We use five senses to observe our
environment including sight, touch, smell, hearing, and taste. In
this activity children will learn to use two of these senses to describe
Of the five senses, humans, rely most heavily
on sight. When sight is missing, we substitute touch and hearing.
We determine color, shape, size, distance and sometimes texture with our
eyes. We can also examine things that are very large, or very small
(with microscopes or magnifying glass) or very far away (with a telescope).
With touch, we can determine texture (smooth, rough, sticky, hairy or fuzzy,
slimy, wet, soft, and hard), shape (if the item can be handled), and weight
and size within certain limits. We also feel heat, cold and pain.
- Discuss the five different
senses and what parts of the body are required to use that sense.
Remember the brain is the central area that interprets signals from the
rest of the body. Ear drums within the ear detect sound. Taste
buds on the tongue record the type of taste. The cells within the
walls of the nose detect different smells. Different parts of the
skin detect touch. Eyes use light to concentrate an image that is
transmitted to the brain.
- Describing the senses requires a vocabulary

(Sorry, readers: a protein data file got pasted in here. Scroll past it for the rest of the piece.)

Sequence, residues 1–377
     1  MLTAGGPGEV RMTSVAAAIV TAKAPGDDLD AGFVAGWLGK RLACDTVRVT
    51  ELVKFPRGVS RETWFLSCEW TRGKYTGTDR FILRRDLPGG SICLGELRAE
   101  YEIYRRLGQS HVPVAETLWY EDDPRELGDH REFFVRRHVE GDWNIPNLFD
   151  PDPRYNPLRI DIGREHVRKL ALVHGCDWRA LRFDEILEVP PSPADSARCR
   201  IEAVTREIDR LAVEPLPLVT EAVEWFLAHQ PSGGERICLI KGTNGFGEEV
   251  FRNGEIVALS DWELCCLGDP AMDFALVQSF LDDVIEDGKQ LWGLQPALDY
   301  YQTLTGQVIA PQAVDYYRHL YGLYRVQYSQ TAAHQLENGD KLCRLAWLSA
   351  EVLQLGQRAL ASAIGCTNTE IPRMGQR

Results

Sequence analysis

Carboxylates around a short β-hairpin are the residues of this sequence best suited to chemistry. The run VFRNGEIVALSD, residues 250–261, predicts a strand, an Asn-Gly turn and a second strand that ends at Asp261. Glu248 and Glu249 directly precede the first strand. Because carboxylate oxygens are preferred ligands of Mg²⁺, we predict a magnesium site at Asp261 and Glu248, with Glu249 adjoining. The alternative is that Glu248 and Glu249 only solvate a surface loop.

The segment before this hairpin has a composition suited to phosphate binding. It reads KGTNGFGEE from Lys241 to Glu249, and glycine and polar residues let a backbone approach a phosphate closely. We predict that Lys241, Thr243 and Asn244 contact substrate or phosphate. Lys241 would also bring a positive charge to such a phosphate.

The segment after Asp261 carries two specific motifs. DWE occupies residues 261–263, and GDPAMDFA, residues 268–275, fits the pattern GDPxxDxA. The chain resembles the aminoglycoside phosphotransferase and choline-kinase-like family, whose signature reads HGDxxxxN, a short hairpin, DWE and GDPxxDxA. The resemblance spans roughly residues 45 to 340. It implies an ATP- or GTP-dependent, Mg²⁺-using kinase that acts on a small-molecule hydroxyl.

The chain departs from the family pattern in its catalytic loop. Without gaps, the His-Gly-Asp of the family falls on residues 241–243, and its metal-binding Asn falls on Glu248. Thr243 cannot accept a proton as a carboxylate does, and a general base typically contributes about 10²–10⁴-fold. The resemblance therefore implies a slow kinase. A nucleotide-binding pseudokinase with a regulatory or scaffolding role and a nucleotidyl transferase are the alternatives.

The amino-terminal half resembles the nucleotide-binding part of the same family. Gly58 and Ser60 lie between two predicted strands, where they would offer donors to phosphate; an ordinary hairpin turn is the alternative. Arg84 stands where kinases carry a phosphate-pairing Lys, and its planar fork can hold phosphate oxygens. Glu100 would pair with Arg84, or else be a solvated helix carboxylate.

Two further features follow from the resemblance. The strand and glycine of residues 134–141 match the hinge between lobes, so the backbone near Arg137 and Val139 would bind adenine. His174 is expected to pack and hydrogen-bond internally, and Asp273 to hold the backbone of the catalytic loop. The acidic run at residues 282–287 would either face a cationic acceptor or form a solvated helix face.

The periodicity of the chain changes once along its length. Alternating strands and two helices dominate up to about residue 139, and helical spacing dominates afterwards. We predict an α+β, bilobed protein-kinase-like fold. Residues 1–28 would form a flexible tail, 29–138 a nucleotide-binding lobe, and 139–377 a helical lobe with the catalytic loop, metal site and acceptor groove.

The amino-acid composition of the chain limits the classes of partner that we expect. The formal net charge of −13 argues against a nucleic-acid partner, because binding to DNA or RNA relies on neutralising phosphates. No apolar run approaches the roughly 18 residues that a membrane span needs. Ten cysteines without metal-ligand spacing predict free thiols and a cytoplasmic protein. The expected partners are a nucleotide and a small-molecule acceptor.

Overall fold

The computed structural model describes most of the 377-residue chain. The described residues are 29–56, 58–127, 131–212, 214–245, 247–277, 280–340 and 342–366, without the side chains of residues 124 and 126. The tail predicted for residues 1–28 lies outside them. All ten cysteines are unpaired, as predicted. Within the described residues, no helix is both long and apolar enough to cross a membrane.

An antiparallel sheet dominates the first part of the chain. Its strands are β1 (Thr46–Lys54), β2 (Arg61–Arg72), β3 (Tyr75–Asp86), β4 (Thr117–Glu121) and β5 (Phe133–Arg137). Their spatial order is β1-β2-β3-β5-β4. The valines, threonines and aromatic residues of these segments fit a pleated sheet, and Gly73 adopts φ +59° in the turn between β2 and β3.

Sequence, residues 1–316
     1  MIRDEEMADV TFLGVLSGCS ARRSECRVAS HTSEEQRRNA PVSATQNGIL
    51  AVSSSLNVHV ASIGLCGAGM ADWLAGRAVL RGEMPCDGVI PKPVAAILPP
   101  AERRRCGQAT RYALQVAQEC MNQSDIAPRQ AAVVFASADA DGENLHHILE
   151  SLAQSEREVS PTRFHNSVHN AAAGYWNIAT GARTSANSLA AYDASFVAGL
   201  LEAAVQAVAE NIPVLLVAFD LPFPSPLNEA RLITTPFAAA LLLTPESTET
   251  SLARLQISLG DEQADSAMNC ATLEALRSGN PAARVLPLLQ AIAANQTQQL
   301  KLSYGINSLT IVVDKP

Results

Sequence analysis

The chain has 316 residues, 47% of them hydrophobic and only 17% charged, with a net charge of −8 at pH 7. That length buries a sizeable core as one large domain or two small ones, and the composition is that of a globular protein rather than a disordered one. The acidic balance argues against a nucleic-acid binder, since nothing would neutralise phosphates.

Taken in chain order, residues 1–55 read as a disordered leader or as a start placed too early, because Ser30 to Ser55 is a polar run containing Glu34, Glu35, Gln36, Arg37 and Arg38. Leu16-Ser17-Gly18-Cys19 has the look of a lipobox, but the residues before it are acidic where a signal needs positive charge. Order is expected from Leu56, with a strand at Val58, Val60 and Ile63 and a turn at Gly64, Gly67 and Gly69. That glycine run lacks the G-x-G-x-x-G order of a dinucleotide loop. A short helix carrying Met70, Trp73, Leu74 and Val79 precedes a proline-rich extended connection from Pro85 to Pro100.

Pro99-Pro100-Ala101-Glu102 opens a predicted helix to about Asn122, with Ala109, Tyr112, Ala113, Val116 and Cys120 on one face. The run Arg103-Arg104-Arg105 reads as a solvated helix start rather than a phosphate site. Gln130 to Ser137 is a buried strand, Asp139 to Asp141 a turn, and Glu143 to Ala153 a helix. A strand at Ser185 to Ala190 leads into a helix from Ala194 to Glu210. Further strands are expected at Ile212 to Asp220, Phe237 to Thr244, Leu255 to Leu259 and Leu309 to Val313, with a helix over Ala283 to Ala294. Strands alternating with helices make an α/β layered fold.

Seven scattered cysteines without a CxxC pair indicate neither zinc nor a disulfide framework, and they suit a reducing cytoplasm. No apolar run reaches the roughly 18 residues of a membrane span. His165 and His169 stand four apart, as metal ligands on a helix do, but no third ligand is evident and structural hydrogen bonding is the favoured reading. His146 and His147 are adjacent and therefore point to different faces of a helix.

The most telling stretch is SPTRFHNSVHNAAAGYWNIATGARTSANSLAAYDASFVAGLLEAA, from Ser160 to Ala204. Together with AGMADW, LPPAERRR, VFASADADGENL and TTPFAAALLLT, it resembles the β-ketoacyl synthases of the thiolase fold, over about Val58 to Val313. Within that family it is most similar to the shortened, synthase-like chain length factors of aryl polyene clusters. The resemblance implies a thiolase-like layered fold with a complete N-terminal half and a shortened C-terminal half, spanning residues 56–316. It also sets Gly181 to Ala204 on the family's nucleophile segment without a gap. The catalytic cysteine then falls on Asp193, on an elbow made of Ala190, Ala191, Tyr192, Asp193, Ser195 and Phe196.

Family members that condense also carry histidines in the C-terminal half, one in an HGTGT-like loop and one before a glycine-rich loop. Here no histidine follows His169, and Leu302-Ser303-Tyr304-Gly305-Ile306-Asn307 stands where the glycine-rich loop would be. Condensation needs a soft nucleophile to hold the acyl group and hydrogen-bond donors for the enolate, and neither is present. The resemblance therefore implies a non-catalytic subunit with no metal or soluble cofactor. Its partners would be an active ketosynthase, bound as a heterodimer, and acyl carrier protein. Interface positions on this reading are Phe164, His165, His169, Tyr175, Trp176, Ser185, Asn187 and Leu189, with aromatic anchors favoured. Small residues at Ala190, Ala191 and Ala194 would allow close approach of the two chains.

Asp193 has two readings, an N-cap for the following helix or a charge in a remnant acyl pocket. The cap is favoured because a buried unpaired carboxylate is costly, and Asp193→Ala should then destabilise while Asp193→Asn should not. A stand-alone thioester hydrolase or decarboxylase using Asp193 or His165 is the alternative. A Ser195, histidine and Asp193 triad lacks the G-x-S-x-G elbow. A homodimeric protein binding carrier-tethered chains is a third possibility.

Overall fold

that first graders are developing. Use items mentioned in the materials
to help students to find the “correct” word. For instance, have several
students feel an ice cube. They should feel the following sensations
of cold, sting, icy, or tingly. But to help describe the feeling
to another student they may say, “Very cold, like ice cream touching your
tongue.” Make students think about how else to describe this feeling.
- Use warm water to have students describe
water without feeling it. They will probably describe cool and not
even think about warm.
- A potted plant may be difficult because
the students will have to describe the pot, the plant, and the soil.
They may want to compare how the pot and the plant look together.
- If you have two potatoes (red and
Idaho, for instance), ask students why they are both called a potato, when
they look so different.